1-12. Chinese national political objectives can be broken into two basic categories: security and development. Security objectives include the protection of the CPC as China’s ruling party, the protection of Chinese sovereignty, protection of borders, internal security, and nuclear deterrence. Development objectives include the protection of Chinese economic interests at home and abroad, ensuring freedom of navigation for Chinese goods, procuring important commodities such as energy and raw materials, and establishing new export markets for Chinese goods. As China has transitioned from a closed, unstable, post-revolutionary internal political environment to a more open and stable one, strategic priorities have gradually shifted from security to development.
1-13. Today, with the primacy of the CPC virtually assured and few internal security threats, the People’s Armed Police (PAP) has taken over much of the internal security mission, while the PLA focuses primarily on development-related objectives. The coordination of military modernization with economic development is a basic tenet of Chinese national strategy, resulting in significant annual defense budget increases for the past two decades. This principle is now manifest in its Military-Civil Fusion program, which seeks greater cooperation between military and civilian elements in achieving shared objectives. An important objective of Military-Civil Fusion is leveraging civilian assets and capabilities as a cost-efficient method of managing limited military resources. Military-Civil Fusion can be thought of as an extension of People’s War, seeking to make best use of civilian assets and natural resources to underpin the growth and modernization of the PLA.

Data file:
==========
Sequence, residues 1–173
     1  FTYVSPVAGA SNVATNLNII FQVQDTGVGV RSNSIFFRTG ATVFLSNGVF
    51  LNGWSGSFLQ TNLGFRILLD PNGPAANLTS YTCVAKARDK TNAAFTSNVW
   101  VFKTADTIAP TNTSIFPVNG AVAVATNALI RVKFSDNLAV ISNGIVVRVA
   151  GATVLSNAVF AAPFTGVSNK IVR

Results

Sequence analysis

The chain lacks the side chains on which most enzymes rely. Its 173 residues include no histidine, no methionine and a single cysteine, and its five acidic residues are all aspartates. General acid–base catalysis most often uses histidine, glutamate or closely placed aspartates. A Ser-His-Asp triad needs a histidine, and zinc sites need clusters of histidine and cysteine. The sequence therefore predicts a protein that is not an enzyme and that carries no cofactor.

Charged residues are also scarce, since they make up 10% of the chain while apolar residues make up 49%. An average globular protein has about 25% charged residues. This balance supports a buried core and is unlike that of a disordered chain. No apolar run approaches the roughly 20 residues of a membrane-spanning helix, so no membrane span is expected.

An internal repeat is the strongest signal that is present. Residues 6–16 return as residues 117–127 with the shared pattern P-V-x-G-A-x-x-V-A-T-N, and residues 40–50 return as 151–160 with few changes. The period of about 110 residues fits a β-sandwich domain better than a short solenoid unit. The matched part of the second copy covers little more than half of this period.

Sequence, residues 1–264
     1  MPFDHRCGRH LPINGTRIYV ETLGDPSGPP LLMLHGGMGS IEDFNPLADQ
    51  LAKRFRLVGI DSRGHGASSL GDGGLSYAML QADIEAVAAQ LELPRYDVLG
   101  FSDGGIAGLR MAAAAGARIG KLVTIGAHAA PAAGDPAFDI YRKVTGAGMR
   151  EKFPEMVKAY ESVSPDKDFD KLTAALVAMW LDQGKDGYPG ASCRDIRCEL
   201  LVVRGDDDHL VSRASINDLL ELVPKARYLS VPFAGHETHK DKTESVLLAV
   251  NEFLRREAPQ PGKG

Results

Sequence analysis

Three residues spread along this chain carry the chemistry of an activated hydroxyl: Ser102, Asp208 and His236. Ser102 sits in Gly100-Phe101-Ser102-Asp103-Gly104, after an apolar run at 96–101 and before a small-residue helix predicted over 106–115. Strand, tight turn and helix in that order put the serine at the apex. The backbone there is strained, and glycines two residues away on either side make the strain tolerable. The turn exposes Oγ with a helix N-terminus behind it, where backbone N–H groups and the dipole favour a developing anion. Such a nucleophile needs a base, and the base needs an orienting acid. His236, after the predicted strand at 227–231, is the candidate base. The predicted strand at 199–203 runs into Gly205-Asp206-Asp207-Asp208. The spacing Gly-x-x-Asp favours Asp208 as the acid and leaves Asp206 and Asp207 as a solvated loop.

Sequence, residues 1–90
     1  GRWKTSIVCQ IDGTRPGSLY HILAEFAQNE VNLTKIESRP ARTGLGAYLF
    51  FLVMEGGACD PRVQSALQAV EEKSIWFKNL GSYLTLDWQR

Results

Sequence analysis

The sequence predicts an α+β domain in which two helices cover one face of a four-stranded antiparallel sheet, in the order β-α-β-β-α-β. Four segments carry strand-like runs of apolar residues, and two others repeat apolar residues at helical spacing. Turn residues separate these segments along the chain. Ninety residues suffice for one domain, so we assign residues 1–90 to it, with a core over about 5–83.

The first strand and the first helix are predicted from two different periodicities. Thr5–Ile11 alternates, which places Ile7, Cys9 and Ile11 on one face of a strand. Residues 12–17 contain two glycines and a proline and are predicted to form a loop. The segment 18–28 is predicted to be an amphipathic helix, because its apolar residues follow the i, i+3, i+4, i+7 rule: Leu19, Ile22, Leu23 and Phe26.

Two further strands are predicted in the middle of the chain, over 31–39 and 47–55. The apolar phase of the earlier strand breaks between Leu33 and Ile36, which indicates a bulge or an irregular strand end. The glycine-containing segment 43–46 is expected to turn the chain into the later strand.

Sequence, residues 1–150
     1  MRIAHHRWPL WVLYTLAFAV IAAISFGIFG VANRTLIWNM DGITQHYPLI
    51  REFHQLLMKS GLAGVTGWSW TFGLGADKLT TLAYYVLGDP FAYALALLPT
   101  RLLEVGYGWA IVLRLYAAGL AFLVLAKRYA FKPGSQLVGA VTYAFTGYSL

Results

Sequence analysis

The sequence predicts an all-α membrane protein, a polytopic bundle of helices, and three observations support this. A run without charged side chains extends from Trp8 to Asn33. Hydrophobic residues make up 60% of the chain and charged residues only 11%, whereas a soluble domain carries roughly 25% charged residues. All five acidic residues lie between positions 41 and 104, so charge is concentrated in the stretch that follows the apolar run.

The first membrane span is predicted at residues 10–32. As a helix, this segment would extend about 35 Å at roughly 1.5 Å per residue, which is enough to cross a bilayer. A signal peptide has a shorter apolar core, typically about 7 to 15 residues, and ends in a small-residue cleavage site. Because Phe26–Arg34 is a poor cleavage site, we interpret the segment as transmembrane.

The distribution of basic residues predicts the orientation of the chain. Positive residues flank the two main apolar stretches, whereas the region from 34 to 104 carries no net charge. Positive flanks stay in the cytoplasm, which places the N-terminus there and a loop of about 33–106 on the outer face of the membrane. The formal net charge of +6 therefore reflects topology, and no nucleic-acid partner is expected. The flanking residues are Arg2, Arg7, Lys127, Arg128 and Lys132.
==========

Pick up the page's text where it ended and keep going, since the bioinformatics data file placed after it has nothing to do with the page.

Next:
CHARACTERISTICS OF INFORMATION OPERATIONS
5-3. Chinese IO have four primary characteristics: universal permeation, high target value, the importance of integration and synthesis, and the linkage between attack and defense. These characteristics are described in paragraphs 5-4 through 5-7.
5-4. IO permeate all domains and are throughout all campaigns. Due to the widespread proliferation of advanced weapons systems, reliance on communications network technology, and information management systems, IO either govern or affect every aspect of modern conflict. Without information superiority, the Chinese believe that they cannot achieve dominance in any other domain, be it land, sea, air, or space. If the information battle is lost, initiative for the entire campaign cannot be achieved, and campaign activities will be fundamentally less efficient or otherwise blunted. IO are an ongoing and continuous process, while IW will likely begin before formal hostilities, making it a precursor to or first shot in active conflict. The conditions to achieve information superiority must be set prior to the commencement of hostilities, must actively support PLA forces during open conflict, and must be maintained through security and stability operations once open conflict has concluded.